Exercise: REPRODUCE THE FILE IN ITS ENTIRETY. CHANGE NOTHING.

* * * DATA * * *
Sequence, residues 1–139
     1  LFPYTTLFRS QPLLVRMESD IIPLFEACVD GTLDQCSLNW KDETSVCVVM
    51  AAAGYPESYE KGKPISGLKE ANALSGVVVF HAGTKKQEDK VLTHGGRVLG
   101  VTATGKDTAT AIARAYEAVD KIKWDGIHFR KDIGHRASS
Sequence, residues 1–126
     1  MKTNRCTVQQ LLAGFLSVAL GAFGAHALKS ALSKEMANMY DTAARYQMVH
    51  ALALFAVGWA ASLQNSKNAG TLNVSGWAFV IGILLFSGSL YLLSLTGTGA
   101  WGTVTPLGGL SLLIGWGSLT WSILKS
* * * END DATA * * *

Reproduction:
Sequence, residues 1–139
     1  LFPYTTLFRS QPLLVRMESD IIPLFEACVD GTLDQCSLNW KDETSVCVVM
    51  AAAGYPESYE KGKPISGLKE ANALSGVVVF HAGTKKQEDK VLTHGGRVLG
   101  VTATGKDTAT AIARAYEAVD KIKWDGIHFR KDIGHRASS
Sequence, residues 1–126
     1  MKTNRCTVQQ LLAGFLSVAL GAFGAHALKS ALSKEMANMY DTAARYQMVH
    51  ALALFAVGWA ASLQNSKNAG TLNVSGWAFV IGILLFSGSL YLLSLTGTGA
   101  WGTVTPLGGL SLLIGWGSLT WSILKS